Practice Model for Interprofessional Teaching-Learning of Anatomy at a Higher Education Institution in South Africa

Saturday, 7 November 2015

Belinda Scrooby, PhD, MCur, BCur, RN
School of Nursing Science, North-West University, Potchefstroom Campus, Potchefstroom, South Africa

The teaching-learning of basic medical sciences generally, and anatomy particularly, have been “diluted” in the health science curricula globally during the past two to three decades. This reduction in anatomy teaching-learning has started showing the consequences in clinical practice, patient care, and health science education (Memon, 2009:125). Turney (2007:104) supports this, saying that between 1995 and 2000, there was a seven-fold increase in claims associated with anatomical errors. This results in public and media pressure for doctors and other health care practitioners to have a sound knowledge of anatomy.

The main aim of this research was to develop a practice model for interprofessional teaching-learning of anatomy at a higher education institution in South Africa to facilitate deep-holistic lifelong learning. The  research design utilised a theory-generative, quantitative and qualitative design (Brink, 2006:10-11;  Mouton & Marais, 1996:159) to explore (Mouton & Marais, 1996:45) and describe (Mouton & Marais, 1996:46) teaching-learning of anatomy in a specific context (Klopper, 2008:68).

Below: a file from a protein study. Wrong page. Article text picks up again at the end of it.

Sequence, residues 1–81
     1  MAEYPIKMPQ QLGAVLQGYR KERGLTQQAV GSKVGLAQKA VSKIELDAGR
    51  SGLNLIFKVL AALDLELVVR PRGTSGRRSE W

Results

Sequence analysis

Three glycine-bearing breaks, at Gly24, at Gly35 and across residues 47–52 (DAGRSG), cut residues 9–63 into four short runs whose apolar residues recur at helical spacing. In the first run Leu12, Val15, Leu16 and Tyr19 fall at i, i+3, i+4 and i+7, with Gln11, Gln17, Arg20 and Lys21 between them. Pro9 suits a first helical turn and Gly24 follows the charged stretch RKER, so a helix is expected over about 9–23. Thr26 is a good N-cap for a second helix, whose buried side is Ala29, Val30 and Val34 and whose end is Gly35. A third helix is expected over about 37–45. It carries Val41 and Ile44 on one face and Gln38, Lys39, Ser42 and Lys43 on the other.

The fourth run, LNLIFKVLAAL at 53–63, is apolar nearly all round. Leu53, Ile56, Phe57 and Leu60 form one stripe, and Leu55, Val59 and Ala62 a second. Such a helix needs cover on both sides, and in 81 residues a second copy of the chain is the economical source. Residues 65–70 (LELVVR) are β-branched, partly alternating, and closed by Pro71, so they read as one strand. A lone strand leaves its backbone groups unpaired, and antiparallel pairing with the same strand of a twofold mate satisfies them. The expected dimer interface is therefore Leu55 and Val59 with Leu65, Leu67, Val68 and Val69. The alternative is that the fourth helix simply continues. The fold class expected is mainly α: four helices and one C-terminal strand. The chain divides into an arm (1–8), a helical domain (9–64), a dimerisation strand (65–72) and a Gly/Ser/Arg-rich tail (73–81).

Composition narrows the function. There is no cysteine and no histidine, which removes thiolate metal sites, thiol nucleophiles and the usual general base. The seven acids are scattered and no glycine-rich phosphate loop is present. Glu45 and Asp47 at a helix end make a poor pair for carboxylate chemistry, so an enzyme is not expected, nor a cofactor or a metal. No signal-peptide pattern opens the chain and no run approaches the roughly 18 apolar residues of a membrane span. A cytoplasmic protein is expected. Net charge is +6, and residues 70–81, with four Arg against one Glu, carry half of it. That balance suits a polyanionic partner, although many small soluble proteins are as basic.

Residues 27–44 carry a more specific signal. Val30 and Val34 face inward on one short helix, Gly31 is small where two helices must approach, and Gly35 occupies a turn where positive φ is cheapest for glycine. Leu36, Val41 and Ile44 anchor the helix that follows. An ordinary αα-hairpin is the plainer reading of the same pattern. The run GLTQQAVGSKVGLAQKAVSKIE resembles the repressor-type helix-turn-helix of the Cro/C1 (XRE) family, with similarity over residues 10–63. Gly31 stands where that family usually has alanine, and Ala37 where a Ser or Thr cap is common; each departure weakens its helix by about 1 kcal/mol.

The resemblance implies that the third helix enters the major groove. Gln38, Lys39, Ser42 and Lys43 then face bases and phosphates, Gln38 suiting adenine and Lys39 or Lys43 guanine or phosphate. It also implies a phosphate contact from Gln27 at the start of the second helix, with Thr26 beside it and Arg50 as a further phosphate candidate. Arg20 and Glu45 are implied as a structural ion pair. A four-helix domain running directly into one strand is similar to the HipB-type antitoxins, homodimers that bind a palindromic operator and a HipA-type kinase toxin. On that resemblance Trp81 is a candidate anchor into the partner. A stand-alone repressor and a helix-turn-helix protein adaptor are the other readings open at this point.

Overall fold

The study was conducted in two phases with two steps under each phase, including three objectives. Phase one consisted of the identification of concepts, description and definition of the three objectives. Step 1 under phase one consisted of identifying main and related concepts and this process was completed for objectives one and two, namely to assess interprofessional students’ (IPS) and peer group’s (PG) opinions on the teaching-learning approach to anatomy; and to explore interprofessionals’ perceptions of the importance of anatomy in clinical practice. All data gathered, synthesized and concepts identified from objectives one and two lead to step 2 of phase one, that is to say concept descriptions and definitions that were completed through objective three, which was to describe a conceptual framework for inter­professional teaching-learning of anatomy.

Phase two (model construction), step 1 (to construct relational meaning of main and related concepts) and step 2 (model construction through theory synthesis) was completed from the concept descriptions and definitions identified in phase one. This practice model will be implemented in the health sciences faculty of the higher education institution where the researcher is working.